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Andriessen is known for his avoidance of classical performance conventions, typically favoring flexible, often amplified ensembles over the seamlessly blended full sound of the traditional orchestra. Some of the performing ensembles he himself founded in years past later inspired groups such as the California E.A.R. Unit and Bang on a Can. Life in turn originated from the composer’s desire to write a piece tailored for the instrumentation of the boundary-crossing Bang on a Can All-Stars, a group that celebrates its 20th anniversary this year.
Curiously, although the ensemble had played other Andriessen pieces written for different contexts, he had a hard time finding his way into a score that would specifically exploit their unusual instrumentation. Its combination of “19th-century strings with contemporary instruments like guitar and percussion,” writes Andriessen, posed a challenge whose solution finally became apparent when he teamed up with video artist Marijke van Warmerdam (b. 1959) to create “a kind of contemporary Pictures of an Exhibition.” Their idea was to write a suite comprising musical pieces that would be scored to short, purely visual films newly made by Warmerdam. Andriessen realized he could turn the contrasting aspects of the Bang on a Can All-Stars instrumentation into a musical (and visual) metaphor, pitting echoes of French late-Romanticism against “hip” American Minimalism.
Instead of clashing or canceling each other out, in Life these distinctive aesthetics make for a strangely touching interface. Andriessen emphatically conceives of his score as part of a larger whole, forbidding performances without the projected films. Formally, each of the films is independent, yet each is linked to the others by recurrent images or implied metaphorical connections. The first (longest of the four) contrasts solid architectural structures with the capricious movement of wind. After this lonely industrial setting, the second film shows an elderly couple sitting on a bench amid a calm nature idyll. The abstraction of the opening film returns in the very brief third one, which features the movement of Venetian blinds. They open completely, light fills the screen, and a windowpane in a country house appears in the final film. Heat trapped in the house has caused the window to steam. (Andriessen originally proposed Steam rather than Life as the title.) A hand wipes away the moisture, and through the glass the elderly couple slowly comes into focus.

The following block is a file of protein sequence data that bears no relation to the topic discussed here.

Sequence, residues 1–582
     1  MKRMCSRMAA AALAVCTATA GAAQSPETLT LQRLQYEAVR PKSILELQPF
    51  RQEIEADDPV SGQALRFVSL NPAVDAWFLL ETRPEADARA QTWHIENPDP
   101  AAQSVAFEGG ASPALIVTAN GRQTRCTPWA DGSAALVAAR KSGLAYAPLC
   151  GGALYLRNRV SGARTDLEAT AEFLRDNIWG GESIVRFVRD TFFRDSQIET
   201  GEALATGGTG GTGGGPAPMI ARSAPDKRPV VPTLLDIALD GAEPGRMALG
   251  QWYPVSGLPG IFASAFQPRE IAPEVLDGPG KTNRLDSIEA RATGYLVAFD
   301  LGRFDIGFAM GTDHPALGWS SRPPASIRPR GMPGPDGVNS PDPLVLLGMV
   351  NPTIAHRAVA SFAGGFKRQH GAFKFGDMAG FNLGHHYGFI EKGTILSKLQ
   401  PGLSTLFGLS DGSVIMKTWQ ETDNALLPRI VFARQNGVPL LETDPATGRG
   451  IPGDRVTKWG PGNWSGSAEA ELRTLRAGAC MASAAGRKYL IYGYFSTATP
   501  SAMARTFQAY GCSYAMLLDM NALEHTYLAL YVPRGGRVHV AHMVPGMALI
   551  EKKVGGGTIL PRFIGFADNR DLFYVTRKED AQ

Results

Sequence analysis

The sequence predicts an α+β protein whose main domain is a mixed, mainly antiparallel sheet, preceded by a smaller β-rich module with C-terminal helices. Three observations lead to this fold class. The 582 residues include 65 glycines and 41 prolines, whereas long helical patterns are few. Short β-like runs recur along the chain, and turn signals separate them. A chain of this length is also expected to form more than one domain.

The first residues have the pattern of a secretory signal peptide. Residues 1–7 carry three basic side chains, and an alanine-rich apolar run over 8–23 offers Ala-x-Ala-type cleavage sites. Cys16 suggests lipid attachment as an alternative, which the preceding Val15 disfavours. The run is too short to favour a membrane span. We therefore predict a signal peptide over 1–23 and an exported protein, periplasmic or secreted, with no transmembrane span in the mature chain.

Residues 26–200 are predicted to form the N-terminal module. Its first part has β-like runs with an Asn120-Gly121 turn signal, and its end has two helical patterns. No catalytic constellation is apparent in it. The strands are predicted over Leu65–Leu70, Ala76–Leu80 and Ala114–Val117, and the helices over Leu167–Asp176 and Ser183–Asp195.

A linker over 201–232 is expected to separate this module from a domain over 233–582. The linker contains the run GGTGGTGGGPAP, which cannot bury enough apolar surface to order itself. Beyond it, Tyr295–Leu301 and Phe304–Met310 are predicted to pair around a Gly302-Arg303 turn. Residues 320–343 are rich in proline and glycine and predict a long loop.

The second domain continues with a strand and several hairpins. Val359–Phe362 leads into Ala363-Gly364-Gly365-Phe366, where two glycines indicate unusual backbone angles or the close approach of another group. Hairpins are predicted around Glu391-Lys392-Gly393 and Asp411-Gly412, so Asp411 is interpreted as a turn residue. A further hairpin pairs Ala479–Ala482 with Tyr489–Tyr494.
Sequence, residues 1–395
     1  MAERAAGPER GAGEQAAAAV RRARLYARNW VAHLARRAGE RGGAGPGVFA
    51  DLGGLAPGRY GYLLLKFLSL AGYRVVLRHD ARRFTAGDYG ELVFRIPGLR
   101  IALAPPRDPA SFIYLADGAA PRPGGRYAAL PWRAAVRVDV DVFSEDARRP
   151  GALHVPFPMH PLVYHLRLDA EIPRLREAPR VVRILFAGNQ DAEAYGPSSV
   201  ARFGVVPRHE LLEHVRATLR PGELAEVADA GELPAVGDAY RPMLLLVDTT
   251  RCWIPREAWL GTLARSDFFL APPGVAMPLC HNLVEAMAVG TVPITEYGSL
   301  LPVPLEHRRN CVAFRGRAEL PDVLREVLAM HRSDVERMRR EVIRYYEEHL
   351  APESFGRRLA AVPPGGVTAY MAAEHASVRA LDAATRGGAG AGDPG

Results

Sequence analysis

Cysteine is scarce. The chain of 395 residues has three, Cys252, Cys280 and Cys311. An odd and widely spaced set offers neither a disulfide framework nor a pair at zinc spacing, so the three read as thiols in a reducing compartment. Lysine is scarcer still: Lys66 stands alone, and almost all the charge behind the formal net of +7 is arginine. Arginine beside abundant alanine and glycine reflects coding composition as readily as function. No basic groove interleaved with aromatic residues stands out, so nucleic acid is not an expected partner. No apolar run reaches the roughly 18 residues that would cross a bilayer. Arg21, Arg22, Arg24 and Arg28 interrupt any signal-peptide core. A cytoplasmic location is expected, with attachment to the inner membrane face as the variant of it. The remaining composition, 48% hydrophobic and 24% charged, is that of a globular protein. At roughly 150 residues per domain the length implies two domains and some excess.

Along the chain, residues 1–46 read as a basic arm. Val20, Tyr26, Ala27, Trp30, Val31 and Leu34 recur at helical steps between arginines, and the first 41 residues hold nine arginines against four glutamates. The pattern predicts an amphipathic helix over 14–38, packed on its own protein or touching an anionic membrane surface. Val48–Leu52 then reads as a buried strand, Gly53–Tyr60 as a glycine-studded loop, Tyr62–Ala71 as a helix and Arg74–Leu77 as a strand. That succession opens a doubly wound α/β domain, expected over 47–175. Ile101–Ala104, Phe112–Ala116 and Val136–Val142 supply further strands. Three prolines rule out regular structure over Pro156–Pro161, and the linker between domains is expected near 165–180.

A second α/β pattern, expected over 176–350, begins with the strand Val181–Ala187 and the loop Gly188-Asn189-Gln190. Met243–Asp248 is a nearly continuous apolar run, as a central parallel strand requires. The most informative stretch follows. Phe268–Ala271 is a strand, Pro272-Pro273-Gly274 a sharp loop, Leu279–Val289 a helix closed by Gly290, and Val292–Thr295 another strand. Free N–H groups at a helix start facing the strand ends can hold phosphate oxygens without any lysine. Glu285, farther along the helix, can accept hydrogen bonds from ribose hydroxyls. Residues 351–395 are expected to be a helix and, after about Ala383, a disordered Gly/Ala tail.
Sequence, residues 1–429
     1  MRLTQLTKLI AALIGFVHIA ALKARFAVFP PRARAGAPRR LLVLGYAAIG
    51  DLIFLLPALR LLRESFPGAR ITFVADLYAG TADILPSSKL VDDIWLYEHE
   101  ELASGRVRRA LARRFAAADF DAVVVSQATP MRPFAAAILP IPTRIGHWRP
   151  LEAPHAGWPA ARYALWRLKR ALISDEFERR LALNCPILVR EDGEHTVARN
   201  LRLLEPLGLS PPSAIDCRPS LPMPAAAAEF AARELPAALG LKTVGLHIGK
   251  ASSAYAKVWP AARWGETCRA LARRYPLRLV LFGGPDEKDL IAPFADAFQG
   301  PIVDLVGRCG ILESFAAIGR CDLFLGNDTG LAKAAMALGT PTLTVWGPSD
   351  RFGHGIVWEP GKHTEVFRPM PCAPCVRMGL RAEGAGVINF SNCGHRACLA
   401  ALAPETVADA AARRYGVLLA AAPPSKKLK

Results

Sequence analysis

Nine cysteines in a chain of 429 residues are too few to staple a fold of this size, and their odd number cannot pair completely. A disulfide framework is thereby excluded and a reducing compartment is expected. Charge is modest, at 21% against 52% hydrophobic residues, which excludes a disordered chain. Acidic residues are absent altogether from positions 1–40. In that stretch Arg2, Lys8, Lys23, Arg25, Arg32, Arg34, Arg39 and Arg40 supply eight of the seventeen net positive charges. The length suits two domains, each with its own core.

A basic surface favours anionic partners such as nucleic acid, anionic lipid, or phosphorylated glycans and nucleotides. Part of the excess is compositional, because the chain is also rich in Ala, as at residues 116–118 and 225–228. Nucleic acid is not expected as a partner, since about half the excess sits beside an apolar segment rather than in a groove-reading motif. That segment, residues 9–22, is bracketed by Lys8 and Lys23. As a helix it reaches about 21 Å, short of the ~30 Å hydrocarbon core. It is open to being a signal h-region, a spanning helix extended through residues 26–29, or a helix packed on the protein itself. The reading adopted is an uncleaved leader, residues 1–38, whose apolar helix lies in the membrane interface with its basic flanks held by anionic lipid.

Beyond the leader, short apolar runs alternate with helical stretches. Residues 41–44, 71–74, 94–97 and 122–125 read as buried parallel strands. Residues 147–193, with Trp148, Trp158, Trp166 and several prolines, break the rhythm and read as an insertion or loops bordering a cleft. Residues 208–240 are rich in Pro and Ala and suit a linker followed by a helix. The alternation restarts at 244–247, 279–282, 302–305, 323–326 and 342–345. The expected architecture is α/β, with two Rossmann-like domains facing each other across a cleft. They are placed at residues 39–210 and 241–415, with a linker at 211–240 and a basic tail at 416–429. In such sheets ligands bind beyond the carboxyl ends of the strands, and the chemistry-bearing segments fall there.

Beginning with a poignant motif on soprano saxophone, Andriessen’s music for the first film plays with the visual images of stasis and motion. Notice the contrast of sustained harmonies that slowly move stepwise against pulsing rhythmic patterns from guitar, percussion, and piano. As humans enter the picture in the second film, he writes a kind of folk melody voiced by harmonics from cello and double bass. Set to enchanting new timbres, the stasis-motion metaphor reappears. Andriessen’s music for the third film stands apart: a kind of scherzo of rhythmic and coloristic motifs that wittily complements the strumming of the Venetian blinds. When musical ideas we’ve encountered earlier return in the final film, Warmerdam’s imagery suggests a filmic equivalent for the process of composition: like the images that recur throughout the films, musical patterns shift in character and nuance when presented and juxtaposed in new contexts. Composition itself seems to unfold like Life.
- Thomas May is a contributor to the Los Angeles Philharmonic programs.